"To read this book, then, is to understand the crises afflicting the Church. It is to understand why catechesis has lacked substance and been so ineffective, why some diocesan newspapers still feature dissenting columnists..."
Friday, 27 February 2009
More Books For My Bookshelves...
After the last book-related post I wrote, I received an email, through a mutual friend, from Brian of Catholic Word: would I be interested in receiving review copies of books?
Is the Pope a Catholic?
Well, yesterday I received a parcel. I love parcels. I'm not so fond of those styrofoam "peanuts" which fill so many parcels (no matter how careful you are, several of them always escape and stick to stuff... I'll be finding styrofoam peanuts for weeks!) but, every silver lining has its cloud.
Inside the parcel: six books and a CD.
The first book was The Signs of the Times: Understanding the Church Since Vatican II. It is a collection of writings by Fr. Richard Gilsdorf. At around 500 pages, I doubt that it'll be a quick read, but, having glanced at the Foreward, I am keen to continue.
Oooooh. Tabletistas explained...
The next book out of the box is Christopher West's Theology of the Body for Beginners. This is not a book I would have chosen to buy, it not really being a subject I'm particularly interested in, but the book is quite a short one, so I shall give it a go.
Building on a Solid Foundation, by Fr. Antoine Bakh, Daniel Daou and Joseph Bakhos is a sort of shortened catechism, arranged under seven topics: The Holy Trinity, the Eucharist, Salvation, The Church, Confession and Reconciliation, Purgatory and the Blessed Virgin Mary.
Each of the topics is followed by a section giving quotes on the topic by the early Church Fathers, and then a list of Scriptural quotes, which gives the book a very "Evangelical" feel. I think this is more a reference work rather than something to be read cover-to-cover, though the topics are surprisingly short, given the thickness of the book.
Brian told me that Made for More, by Curtis Martin, was a reason-based argument for Jesus' Divinity, in that it didn't use Scripture as a basis for proof. It's a small, pocket-sized book, so not too daunting. I am keen to see how it reads, as one of the most common objections I've heard from teenagers over the years is how we can't use the Bible to argue anything, because obviously it's biased! This is, of course, nonsense, but I'm interested to know what non-Scriptural arguments can be roped in for support!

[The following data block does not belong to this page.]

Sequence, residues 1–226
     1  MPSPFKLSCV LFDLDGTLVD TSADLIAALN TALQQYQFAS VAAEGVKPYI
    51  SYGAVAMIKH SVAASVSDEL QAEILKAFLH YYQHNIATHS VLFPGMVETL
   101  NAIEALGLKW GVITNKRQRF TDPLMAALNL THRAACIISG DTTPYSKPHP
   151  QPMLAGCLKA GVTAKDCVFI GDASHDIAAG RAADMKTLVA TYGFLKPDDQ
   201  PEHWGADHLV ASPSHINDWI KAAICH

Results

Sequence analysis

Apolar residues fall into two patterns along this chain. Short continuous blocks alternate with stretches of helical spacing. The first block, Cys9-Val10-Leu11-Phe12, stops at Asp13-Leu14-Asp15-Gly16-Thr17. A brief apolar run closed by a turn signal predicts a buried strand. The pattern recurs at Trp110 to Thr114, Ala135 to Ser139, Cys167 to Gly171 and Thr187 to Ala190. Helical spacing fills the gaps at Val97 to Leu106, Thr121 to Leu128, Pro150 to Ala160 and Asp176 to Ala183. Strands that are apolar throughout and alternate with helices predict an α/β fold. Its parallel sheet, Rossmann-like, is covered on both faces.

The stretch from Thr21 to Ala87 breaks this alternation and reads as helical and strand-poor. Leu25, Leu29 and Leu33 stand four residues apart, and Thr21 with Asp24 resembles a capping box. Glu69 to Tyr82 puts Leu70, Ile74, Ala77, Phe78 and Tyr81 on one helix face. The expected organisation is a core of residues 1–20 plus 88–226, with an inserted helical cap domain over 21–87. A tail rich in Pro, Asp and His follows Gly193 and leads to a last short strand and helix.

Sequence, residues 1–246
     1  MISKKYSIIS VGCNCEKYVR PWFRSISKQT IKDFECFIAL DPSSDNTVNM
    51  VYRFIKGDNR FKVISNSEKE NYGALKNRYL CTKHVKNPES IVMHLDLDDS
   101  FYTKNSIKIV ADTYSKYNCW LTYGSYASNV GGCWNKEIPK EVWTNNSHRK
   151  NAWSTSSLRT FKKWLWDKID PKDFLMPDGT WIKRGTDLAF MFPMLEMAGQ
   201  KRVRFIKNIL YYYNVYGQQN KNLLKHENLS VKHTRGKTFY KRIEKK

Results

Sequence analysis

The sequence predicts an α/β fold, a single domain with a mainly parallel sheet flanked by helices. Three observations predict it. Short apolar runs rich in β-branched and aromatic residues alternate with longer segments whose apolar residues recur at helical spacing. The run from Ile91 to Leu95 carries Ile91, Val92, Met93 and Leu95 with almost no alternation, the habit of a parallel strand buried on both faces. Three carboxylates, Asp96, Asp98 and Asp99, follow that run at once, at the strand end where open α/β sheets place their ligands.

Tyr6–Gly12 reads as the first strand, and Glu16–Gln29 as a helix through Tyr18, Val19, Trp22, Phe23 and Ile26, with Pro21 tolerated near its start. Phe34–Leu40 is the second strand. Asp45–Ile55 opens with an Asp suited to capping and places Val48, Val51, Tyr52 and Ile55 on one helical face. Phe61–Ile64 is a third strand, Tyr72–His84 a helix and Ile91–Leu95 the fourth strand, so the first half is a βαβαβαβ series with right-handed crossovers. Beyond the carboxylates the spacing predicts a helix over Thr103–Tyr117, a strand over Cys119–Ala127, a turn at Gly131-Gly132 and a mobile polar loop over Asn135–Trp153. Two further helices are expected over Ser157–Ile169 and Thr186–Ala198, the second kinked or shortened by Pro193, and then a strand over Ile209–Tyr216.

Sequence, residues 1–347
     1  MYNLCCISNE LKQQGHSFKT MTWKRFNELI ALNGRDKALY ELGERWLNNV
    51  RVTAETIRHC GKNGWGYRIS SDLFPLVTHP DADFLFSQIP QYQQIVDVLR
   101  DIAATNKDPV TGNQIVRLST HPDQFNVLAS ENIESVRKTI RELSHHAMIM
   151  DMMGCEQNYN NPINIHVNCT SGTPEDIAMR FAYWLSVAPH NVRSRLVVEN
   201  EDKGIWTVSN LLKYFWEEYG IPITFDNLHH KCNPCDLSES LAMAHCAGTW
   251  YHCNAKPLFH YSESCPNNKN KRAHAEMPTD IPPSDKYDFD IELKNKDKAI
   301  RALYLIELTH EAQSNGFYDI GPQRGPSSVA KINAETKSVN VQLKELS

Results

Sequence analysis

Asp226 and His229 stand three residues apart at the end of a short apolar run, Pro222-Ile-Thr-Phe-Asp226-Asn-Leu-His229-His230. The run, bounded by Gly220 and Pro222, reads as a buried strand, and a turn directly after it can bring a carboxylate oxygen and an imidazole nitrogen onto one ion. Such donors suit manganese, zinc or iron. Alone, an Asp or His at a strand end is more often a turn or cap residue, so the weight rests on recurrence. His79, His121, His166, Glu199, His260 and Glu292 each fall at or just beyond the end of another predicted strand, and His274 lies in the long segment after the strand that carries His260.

Did Adam & Eve Have Belly Buttons? by Matthew J. Pinto is another reference-type book. The front cover proclaims that the questions (200 of them) are from Catholic teenagers, but many of the questions are the same (or similar) to the questions asked by adult converts to Catholicism - the cover will, I fear, put many people off this book, not least the teenagers the book is aimed at... because it is most definitely not "cool" (or whatever the latest buzz-phrase is) to be seen reading a book written specifically for teenagers.
If they overcome this hurdle, the book itself is excellent, though I wouldn't recommend reading it cover-to-cover. It's a book to be dipped into, with a question or two (along with the answers, naturally!) being read at any one time. Many of the questions seem pretty obvious: "Q. 82. Can you be forgiven for committing murder?" but these really are the sort of questions I've been asked by teenagers, even those who are preparing for Confirmation.
The final book out of the box was Ignatius of Antioch: A New Translation and Theological Commentary by Dr. Kenneth J. Howell. A small, slim volume, it nevertheless was the book that interested me the most.
I first encountered St. Ignatius from the writings picked for the Office of Readings. Fairly early on in the year, I think, there's a letter of his which describes how he expected to be thrown to the lions in the arena, and how he did not want his followers to try and save him. (I may be muddling two of the extracts together, but no matter, you get the general idea!)
This was all much as one might expect from a saint of the early Church. Then, his letter gets a little surreal... apparently, several of the beasts used for the games were rather poor specimens, and were rather reluctant to dispatch the Christians presented to them. St. Ignatius was a little anxious that his martyrdom might be impeded because of the indifference of the animals, and so he described his intention of persuading the animals to eat him... "I shall use force to them..." he said.
In anyone other than a Saint of the Church, this would be considered serious mental disturbance!
So, I've always been a little intrigued by St. Ignatius of Antioch.
The CD which was enclosed was one on Confession, by Fr. Larry Richards. It's distributed free by the Mary Foundation, and can be ordered online. I found the quality rather fuzzy (I guess we've been spoiled by near-perfect CD recordings) and the speaker was very "American-Evangelical" in his approach: referring to Bible chapters, and encouraging his audience to look up the quotes with him. It was, however, a good summary of why we need to go to Confession, and Fr. Richards gave a brief run-through of how the Commandments are relevent to our lives.
That lot should keep me out of mischief for a while!